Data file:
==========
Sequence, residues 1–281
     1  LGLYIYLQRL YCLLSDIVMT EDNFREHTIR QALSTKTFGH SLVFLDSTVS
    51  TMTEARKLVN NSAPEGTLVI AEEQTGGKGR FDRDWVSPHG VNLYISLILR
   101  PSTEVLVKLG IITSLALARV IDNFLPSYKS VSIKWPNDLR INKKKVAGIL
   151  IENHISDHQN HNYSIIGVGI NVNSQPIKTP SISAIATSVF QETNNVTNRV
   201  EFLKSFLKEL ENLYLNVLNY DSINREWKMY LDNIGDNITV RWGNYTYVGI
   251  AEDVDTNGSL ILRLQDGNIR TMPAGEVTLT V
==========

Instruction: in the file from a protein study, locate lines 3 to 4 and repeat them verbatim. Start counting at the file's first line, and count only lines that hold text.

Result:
    51  TMTEARKLVN NSAPEGTLVI AEEQTGGKGR FDRDWVSPHG VNLYISLILR
   101  PSTEVLVKLG IITSLALARV IDNFLPSYKS VSIKWPNDLR INKKKVAGIL